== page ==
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In re Smith

Representative Claim

  1. A method of conducting a wagering game comprising:

[a] ) a dealer providing at least one deck of physical playing cards and shuffling the physical playing cards to form a random set of physical playing cards;
[b] ) the dealer accepting at least one first wager from each participating player on a player game hand against a banker’s/dealer’s hand;
[c] ) the dealer dealing only two cards from the random set of physical playing cards to each designated player and two cards to the banker/dealer such that the designated player and the banker/dealer receive the same number of exactly two random physical playing cards;
[d] ) the dealer examining respective hands to determine in any hand has a Natural 0 count from totaling count from cards, defined as the first two random physical playing cards in a hand being a pair of 5’s, 10’s, jacks, queens or kings;
[e] ) the dealer resolving any player versus dealer wagers between each individual player hand that has a Natural 0 count and between the dealer hand and all player hands where a Natural 0 is present in the dealer hand, while the dealer exposes only a single card to the players;
[f] ) as between each player and the dealer where neither hand has a Natural 0, the dealer allowing each player to elect to take a maximum of one additional card or standing pat on the initial two card player hand, while still having seen only one dealer card;
[g] ) the dealer/banker remaining pat within a first certain predetermined total counts and being required to take a single hit within a second predetermined total counts, where the first total counts range does not overlap the second total counts range;
[h] ) after all possible additional random physical playing cards have been dealt, the dealer comparing a value of each designated player’s hand to a final value of the banker’s/dealer’s hand wherein said value of the designated player’s hand and the banker’s/dealer’s hand is in a range of zero to nine points based on a pre-established scoring system wherein aces count as one point, tens and face cards count as zero points and all other cards count as their face value and wherein a two-digit hand total is deemed to have a value corresponding to the one’s digit of the two-digit total;
[i] ) the dealer resolving the wagers based on whether the designated player’s hand or the banker’s/dealer’s hand is nearest to a value of 0.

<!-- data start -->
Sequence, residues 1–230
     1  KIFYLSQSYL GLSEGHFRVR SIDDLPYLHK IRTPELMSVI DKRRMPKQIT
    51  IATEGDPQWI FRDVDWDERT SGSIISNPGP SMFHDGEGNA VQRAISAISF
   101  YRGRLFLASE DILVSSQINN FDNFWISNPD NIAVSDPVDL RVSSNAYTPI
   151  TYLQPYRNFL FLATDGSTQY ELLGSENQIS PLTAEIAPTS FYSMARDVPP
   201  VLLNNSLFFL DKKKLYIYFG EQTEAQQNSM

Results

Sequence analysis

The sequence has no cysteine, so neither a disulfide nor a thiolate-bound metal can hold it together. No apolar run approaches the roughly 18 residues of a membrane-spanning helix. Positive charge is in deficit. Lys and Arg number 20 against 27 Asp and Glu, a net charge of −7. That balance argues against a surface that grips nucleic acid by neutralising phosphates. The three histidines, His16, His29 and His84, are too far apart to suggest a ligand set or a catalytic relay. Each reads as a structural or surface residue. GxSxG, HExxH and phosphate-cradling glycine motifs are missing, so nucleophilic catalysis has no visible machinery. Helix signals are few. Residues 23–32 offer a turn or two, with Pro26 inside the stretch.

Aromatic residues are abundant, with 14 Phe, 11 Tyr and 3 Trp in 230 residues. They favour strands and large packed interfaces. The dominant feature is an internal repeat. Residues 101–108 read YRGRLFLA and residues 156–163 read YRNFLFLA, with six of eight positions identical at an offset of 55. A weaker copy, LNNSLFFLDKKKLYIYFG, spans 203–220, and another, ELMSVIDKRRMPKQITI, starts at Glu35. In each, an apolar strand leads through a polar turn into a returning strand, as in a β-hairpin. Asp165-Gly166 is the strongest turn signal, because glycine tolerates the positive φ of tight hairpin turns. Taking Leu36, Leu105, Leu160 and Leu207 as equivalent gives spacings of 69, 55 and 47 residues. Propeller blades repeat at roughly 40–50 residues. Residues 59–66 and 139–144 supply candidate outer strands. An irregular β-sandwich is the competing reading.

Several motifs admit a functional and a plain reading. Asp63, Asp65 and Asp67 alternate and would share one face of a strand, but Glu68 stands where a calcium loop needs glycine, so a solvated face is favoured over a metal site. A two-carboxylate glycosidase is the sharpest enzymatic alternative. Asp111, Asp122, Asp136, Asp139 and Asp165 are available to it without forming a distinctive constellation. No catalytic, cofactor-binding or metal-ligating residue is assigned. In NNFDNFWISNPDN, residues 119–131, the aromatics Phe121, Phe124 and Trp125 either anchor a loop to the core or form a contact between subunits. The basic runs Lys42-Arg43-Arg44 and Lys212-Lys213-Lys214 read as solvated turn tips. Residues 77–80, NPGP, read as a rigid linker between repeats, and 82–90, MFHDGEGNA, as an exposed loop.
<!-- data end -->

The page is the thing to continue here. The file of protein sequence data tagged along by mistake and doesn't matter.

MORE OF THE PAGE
Posture:

Appeal from final decision of Patent Trial and Appeal Board, 2014 WL 6901427, Appeal 2012-009025

Abstract Idea: Yes

The Federal Circuit found that the applicant’s claims were “directed to rules for conducting a wagering game,” similar to other “fundamental economic practice[s]” found abstract by the Supreme Court.  Specifically, “[a] wagering game is, effectively, a method of exchanging and resolving financial obligations based on probabilities created during the distribution of the cards.  Relying on Supreme Court precedent, the Federal Circuit found the recited “method of conducting a wagering game” was “drawn to an abstract idea much like Alice ‘s method of exchanging financial obligations and Bilski ‘s method of hedging risk.”  The Federal Circuit concluded by comparing the recited claims to its own case law, finding “the rejected claims, describing a set of rules for a game, [were] drawn to an abstract idea.”

Something More: No

The Federal Circuit found that the applicant’s claims were “directed to rules for conducting a wagering game,” similar to other “fundamental economic practice[s]” found abstract by the Supreme Court.  Specifically, “[a] wagering game is, effectively, a method of exchanging and resolving financial obligations based on probabilities created during the distribution of the cards.  Relying on Supreme Court precedent, the Federal Circuit found the recited “method of conducting a wagering game” was “drawn to an abstract idea much like Alice ‘s method of exchanging financial obligations and Bilski ‘s method of hedging risk.”  The Federal Circuit concluded by comparing the recited claims to its own case law, finding “the rejected claims, describing a set of rules for a game, [were] drawn to an abstract idea.”